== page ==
Put simply, it’s harder to swim in the sea than in a pool. If you’re a weak swimmer, spend some time in the local baths first, developing your strokes and building up strength and distance. You could even work with a coach or take adult lessons to build confidence.

3. Bring the right kit
Whether you’re a bikini swimmer like Deb, or a wetsuit swimmer like Maisie, will be a matter of preference - and the time of year you plan to swim. But it’s worth making sure you have everything you need before you get in the water. Here’s a checklist:
  • Swimming shoes if the beach is stony
  • Goggles if you plan to put your face underwater
  • A neoprene glasses retainer if, like me, you’re lost without your specs
  • A light towel to dry off – I’m devoted to cloth hammam towels
  • Waterproof sun cream
  • A bottle of water to rehydrate
  • I hate to say it, but a bright bathing cap like Maisie’s really can help you to stay visible.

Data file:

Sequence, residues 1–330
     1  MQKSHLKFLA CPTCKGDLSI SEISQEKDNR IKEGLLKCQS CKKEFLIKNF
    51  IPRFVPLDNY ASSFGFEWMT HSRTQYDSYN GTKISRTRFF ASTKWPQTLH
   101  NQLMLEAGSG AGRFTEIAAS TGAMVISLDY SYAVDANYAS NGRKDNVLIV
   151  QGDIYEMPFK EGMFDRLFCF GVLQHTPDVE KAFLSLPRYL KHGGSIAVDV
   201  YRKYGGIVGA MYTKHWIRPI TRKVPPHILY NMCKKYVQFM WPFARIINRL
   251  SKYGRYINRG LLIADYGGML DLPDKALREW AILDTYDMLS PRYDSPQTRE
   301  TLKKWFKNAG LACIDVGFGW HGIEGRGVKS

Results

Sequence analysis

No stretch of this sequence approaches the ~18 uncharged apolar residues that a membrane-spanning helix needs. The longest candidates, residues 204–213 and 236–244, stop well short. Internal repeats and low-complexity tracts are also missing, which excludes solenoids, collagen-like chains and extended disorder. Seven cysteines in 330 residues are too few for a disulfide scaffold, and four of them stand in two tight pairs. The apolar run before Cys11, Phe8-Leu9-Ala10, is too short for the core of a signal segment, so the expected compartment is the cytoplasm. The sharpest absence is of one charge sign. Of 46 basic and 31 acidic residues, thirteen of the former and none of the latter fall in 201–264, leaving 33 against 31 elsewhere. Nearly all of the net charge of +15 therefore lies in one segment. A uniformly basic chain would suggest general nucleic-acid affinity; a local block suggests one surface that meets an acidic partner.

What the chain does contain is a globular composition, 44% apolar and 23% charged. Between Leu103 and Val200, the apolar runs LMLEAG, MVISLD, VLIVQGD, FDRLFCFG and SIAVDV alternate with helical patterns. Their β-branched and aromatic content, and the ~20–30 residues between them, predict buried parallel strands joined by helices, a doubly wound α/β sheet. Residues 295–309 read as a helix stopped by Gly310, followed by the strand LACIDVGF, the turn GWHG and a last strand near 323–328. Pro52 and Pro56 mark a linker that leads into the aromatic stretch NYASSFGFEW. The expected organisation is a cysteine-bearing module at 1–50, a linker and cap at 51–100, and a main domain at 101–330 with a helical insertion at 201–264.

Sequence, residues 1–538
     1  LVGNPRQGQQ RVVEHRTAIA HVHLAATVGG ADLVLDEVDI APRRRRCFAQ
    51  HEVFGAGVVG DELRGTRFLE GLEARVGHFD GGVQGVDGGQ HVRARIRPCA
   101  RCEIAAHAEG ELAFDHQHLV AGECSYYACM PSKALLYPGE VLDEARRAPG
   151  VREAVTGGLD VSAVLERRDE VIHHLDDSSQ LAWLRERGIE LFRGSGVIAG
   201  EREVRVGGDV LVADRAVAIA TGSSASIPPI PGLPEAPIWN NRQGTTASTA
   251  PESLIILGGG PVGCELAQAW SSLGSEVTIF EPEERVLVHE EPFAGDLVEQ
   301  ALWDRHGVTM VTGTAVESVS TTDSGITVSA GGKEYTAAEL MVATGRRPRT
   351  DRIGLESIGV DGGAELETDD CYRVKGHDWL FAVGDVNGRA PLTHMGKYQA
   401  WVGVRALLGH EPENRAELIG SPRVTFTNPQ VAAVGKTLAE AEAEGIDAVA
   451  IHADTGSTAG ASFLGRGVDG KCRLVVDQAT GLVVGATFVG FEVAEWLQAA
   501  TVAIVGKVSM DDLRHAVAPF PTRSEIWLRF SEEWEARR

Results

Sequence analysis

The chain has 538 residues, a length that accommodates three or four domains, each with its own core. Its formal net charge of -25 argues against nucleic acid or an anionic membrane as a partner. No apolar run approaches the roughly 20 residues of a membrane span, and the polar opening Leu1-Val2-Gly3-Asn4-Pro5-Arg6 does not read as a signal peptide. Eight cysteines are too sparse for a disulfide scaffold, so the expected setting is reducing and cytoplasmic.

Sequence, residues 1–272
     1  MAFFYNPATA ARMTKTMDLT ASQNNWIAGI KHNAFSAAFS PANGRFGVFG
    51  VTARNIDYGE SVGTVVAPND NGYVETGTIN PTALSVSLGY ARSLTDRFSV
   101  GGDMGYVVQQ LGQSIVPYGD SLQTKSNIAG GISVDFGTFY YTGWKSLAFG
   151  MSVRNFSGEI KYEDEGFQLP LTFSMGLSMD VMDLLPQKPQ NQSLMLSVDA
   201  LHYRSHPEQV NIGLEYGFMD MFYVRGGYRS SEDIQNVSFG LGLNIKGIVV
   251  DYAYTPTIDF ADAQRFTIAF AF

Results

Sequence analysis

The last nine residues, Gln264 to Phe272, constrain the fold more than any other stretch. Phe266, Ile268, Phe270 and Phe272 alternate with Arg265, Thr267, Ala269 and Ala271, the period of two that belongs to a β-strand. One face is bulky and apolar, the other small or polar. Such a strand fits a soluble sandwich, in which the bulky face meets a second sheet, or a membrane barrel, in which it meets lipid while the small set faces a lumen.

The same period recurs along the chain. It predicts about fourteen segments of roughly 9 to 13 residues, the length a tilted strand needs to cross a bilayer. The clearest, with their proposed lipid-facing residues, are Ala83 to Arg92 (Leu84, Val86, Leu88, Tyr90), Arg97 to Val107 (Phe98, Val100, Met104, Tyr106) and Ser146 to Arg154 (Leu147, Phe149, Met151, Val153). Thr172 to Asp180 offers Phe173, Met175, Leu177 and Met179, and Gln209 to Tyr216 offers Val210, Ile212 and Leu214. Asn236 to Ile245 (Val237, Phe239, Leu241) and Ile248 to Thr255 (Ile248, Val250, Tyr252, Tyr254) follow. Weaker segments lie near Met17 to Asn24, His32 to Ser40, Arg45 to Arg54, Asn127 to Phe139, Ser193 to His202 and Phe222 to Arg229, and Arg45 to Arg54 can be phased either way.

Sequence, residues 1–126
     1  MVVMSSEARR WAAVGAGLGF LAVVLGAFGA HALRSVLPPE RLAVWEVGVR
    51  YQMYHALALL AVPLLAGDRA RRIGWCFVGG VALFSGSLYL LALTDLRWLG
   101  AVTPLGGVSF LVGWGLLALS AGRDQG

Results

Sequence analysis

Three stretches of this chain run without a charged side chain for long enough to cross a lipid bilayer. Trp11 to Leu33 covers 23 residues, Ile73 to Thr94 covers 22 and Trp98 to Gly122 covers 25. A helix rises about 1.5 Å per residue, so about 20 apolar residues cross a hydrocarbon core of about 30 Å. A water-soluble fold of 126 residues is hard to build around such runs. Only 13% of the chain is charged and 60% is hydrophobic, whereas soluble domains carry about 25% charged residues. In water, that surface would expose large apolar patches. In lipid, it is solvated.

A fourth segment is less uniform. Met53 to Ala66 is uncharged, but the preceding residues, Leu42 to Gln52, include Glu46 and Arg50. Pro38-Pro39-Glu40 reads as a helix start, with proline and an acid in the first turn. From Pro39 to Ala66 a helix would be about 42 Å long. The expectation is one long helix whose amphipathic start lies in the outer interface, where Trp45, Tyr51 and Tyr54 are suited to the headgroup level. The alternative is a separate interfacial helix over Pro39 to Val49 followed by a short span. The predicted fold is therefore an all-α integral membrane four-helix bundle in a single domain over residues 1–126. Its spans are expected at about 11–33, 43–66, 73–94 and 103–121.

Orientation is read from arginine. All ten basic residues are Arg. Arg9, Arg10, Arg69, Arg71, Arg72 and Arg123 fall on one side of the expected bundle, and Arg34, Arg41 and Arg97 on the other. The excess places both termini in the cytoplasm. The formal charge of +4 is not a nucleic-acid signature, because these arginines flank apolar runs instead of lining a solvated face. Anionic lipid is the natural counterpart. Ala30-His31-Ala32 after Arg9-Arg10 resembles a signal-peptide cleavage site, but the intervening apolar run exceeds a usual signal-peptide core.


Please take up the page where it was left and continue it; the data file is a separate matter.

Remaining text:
4. Acclimatise
The best way to get used to cold seawater is to start swimming in the summer, and then keep going into autumn as the sea gradually cools. Winter is up to you. If you don’t have this option, it’s sensible to cool down gradually rather than shocking your body. If I’m swimming in cold weather, I stand on the beach in my cossie for a few minutes before getting in. Get into the water slowly, and stay shallow so that you can get out quickly if you need to. Have warm clothing ready for when you get out, even if it’s the summer. A cup of tea helps if you get really chilly.

5. Safety first
Sea-swimming is one of the great pleasures of my life, and it gives me an instant hit of happiness. However, I know my limits and carefully assess the sea every time I swim. If I’m in any doubt about safety, I don’t go in; it’s as simple as that. You can read up on basic survival techniques on the RNLI’s excellent website, There are also some useful (and inspiring) articles for beginners on the Outdoor Swimming Society’s website: go to and select ‘survive’ in the top menu.